Japanese Woodblock Prints (1800 - 1868)
By the 19th century, Japanese woodblock prints achieved extraordinary popularity. While the shogunate issued a battery of censorship reforms throughout the 1800s, artists ignored and evaded restrictions with images of indulgent beauties and vibrant kabuki actors. As constraints tightened in the 1840s, bijin-ga (pictures of beautiful women) became earthier in prints by Eizan and Eisen, while kabuki actors persevered in the work of Kunisada (aka Toyokuni III). During this period, ukiyo-e artists also added landscapes, warriors, ghosts and scenes of everyday life to their oeuvre. Artists such as Hokusai and Hiroshige indulged a national wanderlust through Meisho-e or “famous place pictures,” while Kuniyoshi championed musha-e, a genre of warrior and legendary pictures.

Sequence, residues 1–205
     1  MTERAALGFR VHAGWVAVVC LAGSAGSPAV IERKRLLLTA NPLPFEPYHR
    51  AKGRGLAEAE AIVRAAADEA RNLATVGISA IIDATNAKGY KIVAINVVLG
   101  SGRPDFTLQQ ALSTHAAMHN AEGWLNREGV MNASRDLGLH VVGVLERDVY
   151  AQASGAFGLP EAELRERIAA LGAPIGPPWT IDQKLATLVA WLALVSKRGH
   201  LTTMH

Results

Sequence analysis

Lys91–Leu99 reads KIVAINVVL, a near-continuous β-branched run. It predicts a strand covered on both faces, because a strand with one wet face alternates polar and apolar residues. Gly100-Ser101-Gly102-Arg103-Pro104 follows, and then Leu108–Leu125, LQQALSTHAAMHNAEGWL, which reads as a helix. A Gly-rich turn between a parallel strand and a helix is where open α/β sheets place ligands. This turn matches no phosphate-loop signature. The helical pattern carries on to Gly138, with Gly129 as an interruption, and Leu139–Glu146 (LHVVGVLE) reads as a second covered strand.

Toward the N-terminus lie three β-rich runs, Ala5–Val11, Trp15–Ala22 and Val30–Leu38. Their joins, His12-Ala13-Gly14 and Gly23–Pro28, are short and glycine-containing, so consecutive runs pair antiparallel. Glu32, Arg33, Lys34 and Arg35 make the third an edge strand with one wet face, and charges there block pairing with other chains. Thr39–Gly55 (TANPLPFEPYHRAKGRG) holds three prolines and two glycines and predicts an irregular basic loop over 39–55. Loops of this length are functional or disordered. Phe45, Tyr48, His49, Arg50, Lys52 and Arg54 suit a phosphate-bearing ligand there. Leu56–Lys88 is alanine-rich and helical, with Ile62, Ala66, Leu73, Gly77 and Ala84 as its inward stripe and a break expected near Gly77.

Flowers and Birds: Genji and His Companions Sharing a Boat
Fireworks over Ryogoku Bridge in the Eastern Capital: Illustration of the Prosperity of the River Opening
Plum Garden at Omurai: The Seven Plants of Autumn
Flowers and Birds: Genji and His Companions